You could use a PayPal button. Hey, we love PayPal. They’re one of our favorite payment gateways. Seriously.
But when you’ve worked hard to make your nonprofit site represent your brand, why would you want a button that clashes with your theme?
The PayPal Button
This PayPal button is from today. It’s on their site. It’s not an archived screenshot.
I have no idea why it still looks like a button set from 2001’s Dreamweaver. I really don’t. PayPal is huge. They can easily customize their button.
But they didn’t.
What is the alternative to PayPal?
I’m so glad you asked.
If your site is built on the WordPress content management system (not hosted on WordPress.com which is totally different), then you can install an online donation plugin, namely Give.
Of course, there are plugins in the WordPress repo to style the PayPal button and other donation plugins to choose from. I worked for ThoughtHouse and GiveWP was our client. Of course, I’m telling you about GiveWP. That’s my disclaimer and I’m proud of it.
The Give Donation Button and Form Looks Better.
The Give donation form looks better than the default PayPal button. Period.
To me this is the most compelling argument against PayPal donation button.
It may not be the best feature technically, but from a marketing standpoint, I think design matters.
PayPal is still the payment gateway if you’re using Give standard. Give’s forms are modern and stylish. Better yet, they inherit their design from your WordPress theme. What does this mean? It means your donation button will not clash with your website. Oh yeah, it’s mobile responsive, too.
Why does design matter?
When you’re asking people for money trust is involved.
Aesthetics matter. Branding matters.
Something that looks up-to-date is more trustworthy. Period.
Exhibit A. Artaxis Fellowship.
Artaxis used Give to fund a scholarship for a summer residency. You can read more about that story here.
Here’s their site:
Does anything need to be said?
They have a custom donation page with imagery, a description, and a modern, clean donation form on the site. This is the free version of Give. They are not paying for add-ons. They’re using PayPal.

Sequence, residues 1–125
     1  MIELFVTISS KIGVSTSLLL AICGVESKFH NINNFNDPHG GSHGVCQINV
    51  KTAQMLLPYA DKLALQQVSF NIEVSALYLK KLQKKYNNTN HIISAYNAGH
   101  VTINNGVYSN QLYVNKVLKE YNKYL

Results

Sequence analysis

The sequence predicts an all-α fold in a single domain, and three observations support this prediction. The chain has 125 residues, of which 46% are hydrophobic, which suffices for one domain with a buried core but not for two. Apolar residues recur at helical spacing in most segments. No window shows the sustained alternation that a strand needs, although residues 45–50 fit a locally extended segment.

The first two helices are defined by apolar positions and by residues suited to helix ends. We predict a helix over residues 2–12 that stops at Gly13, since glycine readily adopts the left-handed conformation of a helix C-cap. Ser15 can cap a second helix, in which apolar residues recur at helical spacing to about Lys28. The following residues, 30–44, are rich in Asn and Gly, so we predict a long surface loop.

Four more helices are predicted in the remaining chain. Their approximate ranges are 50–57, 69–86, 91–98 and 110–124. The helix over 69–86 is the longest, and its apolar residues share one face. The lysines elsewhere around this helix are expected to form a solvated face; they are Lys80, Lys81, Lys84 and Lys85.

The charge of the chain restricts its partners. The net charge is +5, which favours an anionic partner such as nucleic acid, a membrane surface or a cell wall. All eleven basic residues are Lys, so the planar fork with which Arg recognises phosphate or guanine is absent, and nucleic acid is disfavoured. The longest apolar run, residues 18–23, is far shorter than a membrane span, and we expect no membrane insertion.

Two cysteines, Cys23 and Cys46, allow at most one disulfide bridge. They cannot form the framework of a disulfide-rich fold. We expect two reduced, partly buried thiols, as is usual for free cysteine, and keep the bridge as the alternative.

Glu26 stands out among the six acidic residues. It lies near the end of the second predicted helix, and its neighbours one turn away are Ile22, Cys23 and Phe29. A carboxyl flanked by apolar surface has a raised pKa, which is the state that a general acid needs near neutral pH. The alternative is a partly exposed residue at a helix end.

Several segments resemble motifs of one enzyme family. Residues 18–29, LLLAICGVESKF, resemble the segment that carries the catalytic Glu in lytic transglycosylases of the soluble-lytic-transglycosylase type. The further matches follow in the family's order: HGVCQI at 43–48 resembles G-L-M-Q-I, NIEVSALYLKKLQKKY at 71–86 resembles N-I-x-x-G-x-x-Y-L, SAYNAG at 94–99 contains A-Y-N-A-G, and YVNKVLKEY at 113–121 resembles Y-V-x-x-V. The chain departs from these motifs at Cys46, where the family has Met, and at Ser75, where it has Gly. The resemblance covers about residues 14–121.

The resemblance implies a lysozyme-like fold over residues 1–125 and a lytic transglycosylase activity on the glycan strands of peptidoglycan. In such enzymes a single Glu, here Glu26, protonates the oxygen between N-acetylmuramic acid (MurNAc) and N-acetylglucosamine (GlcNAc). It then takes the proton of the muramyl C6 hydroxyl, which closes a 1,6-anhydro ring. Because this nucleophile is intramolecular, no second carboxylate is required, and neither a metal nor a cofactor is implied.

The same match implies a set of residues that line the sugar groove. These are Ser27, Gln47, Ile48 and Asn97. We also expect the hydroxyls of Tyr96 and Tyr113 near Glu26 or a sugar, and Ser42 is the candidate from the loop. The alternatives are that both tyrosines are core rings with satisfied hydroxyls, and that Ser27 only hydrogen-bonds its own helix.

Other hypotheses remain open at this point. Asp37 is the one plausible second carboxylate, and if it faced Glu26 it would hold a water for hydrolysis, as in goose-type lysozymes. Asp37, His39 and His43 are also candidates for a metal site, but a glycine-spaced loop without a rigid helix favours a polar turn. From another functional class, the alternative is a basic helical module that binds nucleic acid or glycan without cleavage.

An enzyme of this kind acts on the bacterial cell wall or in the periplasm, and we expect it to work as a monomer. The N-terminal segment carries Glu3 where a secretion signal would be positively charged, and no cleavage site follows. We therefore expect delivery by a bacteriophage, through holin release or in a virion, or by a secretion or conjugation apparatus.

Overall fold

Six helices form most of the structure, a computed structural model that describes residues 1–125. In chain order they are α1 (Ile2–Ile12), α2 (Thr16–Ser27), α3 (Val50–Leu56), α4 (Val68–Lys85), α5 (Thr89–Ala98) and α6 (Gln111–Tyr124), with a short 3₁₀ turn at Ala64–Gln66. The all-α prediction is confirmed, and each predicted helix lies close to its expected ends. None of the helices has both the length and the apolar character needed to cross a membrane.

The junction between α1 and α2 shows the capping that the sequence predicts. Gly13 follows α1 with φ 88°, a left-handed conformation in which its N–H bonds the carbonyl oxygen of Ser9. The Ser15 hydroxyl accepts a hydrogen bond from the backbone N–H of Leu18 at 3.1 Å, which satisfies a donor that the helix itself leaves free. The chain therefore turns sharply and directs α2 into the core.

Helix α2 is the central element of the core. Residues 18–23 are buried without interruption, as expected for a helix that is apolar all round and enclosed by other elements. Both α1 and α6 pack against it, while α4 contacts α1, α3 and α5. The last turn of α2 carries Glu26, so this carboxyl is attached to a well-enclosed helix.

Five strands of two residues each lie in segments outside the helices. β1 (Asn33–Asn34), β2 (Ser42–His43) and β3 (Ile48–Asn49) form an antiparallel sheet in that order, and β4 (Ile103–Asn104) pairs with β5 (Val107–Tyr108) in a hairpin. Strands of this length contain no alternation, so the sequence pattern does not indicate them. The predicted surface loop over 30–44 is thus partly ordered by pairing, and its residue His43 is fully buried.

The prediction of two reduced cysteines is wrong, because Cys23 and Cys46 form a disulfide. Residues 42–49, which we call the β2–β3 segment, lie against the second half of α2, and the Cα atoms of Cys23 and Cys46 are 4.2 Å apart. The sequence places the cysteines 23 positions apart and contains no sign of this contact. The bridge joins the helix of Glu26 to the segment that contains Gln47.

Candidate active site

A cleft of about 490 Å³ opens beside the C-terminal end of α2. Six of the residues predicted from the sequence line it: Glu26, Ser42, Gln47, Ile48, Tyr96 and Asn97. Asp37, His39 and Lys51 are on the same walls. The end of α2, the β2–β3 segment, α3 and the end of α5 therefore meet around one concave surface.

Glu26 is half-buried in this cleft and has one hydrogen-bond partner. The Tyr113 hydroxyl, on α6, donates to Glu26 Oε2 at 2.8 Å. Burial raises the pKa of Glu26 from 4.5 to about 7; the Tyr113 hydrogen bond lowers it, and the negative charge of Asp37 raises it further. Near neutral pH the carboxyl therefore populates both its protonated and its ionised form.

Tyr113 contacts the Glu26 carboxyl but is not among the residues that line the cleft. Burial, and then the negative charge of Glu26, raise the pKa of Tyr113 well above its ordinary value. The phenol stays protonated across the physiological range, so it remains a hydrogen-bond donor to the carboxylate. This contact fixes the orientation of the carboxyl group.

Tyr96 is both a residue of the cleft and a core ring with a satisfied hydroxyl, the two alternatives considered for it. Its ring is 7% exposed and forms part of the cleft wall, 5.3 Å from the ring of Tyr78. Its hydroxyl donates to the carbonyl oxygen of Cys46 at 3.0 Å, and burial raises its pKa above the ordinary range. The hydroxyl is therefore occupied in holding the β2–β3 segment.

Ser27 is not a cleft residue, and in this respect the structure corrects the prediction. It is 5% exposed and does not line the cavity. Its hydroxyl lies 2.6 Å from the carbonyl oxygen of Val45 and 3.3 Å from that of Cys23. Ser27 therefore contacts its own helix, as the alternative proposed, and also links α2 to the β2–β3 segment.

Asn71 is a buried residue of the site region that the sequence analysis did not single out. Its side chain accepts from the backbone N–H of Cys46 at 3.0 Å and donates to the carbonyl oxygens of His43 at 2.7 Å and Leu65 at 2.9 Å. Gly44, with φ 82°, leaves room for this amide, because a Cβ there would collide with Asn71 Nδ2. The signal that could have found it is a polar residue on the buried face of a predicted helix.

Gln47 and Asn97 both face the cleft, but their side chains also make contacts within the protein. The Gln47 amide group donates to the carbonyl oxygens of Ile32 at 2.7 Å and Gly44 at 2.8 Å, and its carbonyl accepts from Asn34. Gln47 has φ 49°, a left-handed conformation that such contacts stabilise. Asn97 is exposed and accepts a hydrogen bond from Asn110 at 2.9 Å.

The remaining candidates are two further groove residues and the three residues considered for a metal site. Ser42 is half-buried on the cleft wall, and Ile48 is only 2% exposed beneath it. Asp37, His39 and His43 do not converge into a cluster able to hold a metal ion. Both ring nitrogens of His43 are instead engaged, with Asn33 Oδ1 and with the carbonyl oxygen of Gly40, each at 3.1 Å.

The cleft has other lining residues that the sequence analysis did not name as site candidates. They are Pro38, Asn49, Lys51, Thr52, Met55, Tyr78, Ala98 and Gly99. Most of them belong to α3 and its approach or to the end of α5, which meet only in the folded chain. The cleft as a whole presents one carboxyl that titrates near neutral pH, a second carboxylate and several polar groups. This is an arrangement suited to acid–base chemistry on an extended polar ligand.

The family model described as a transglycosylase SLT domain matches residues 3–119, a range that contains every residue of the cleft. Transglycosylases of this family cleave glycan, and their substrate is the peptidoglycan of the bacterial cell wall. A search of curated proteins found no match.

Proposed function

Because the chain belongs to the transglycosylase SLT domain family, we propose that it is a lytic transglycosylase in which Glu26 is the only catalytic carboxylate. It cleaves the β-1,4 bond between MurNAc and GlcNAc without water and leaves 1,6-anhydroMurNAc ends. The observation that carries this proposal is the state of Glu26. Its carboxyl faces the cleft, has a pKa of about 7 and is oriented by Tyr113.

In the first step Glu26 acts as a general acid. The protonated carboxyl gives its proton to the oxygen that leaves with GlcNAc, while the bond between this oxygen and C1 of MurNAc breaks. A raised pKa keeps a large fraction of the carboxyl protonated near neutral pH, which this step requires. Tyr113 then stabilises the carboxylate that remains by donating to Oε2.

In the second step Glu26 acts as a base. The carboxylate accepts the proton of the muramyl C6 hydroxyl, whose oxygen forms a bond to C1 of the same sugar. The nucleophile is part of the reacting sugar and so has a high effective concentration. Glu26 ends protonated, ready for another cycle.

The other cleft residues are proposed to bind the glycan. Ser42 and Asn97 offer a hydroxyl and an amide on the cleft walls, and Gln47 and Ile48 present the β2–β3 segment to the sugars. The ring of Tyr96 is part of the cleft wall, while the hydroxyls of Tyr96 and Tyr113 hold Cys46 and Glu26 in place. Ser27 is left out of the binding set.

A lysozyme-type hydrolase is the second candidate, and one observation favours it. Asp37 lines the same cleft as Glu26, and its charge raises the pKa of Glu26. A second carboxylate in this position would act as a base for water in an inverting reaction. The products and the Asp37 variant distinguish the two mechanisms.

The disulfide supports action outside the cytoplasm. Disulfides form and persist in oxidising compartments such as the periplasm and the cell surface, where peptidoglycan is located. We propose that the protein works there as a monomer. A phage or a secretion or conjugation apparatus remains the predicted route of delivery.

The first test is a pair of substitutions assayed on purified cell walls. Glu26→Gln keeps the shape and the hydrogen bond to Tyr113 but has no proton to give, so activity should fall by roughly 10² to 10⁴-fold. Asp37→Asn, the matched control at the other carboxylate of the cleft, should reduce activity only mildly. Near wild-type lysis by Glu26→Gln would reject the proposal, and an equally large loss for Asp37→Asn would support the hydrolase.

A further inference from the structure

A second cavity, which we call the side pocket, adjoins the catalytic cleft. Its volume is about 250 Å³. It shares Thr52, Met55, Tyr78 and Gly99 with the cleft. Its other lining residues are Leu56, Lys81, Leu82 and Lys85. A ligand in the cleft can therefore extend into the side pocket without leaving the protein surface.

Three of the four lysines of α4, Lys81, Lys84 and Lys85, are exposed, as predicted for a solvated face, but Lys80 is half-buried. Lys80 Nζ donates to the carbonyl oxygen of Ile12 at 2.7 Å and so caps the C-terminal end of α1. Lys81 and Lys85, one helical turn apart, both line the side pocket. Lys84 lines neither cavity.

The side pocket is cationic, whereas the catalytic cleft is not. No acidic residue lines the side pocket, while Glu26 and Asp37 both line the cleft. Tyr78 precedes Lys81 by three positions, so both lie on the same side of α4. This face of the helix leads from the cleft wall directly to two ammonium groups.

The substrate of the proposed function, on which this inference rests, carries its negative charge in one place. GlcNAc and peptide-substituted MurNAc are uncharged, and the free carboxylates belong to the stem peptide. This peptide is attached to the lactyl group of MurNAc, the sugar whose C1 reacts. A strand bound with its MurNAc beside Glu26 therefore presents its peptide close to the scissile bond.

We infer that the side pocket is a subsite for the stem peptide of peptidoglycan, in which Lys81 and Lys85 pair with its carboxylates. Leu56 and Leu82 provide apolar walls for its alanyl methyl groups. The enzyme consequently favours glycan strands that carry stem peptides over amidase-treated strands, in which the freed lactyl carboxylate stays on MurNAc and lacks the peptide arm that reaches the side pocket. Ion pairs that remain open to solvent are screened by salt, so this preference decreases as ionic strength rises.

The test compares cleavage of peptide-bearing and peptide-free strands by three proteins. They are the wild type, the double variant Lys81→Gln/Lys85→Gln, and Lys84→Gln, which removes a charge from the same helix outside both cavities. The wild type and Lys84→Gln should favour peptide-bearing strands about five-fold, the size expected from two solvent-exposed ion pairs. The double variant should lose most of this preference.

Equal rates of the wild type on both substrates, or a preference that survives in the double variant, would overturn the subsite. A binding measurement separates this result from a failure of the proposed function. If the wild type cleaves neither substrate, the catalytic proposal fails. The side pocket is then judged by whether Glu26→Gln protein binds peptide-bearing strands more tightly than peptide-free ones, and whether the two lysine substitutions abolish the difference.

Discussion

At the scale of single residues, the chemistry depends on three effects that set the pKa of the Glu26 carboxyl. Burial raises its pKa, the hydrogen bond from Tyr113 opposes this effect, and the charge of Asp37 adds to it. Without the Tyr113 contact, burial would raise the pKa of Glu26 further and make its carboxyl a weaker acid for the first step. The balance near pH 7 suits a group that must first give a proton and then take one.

So, it’s pretty obvious which looks better, right?
Exhibit B. WP Media Pro.
Jason Tucker used Give recently to crowdfund for video equipment to broadcast and archive local WordPress meetups.
Again. He could have easily used PayPal. He’s using the free version of Give — no fancy payment gateway add-ons, just PayPal standard.
He could have used PayPal’s button. But he didn’t.
Even better, go visit the site. He uses an image of himself, reinforcing his role in WordPress. He tells the story. Lists the need. Lists the equipment. It’s no wonder he met his goal in 24 hours.
Notice one of the features Jason took advantage of — the button color matches his site’s colors. This form looks different from the one on Artaxis. Same plugin, different themes and customizations.
Jason is using the progress bar, and is naming the donation levels with levels of appreciation: “$25 Thanks! $50 You are Awesome! $100 Thank you, thank you, thank you” and so on.
- Again, the core plugin is free and robust all on its own.
- PayPal Standard is the default payment gateway.
- A progress bar option which motivates people to donate.
- Multiple donation levels and names.
- Shortcode support to put a donation form in a sidebar or widget area.
- Single or Multi-level Donation Amounts
- Show the payment fields either on the page, reveal on submit, or as a modal window.
But you’re convinced so, we’re good now, right?
If not, does the fact that Give is active on ten thousand websites convince you?
Yes, we’re proud of this milestone. But we’re more moved at how people are using a form plugin to change actual lives.
The stories are what fuel us every day.
What’s stopping you?
If you are using WordPress to build a site that is for a nonprofit or are using it to crowdfund, there is no reason why you shouldn’t use GiveWP.
Stop with the PayPal Button.
We love you too much to let you keep doing this.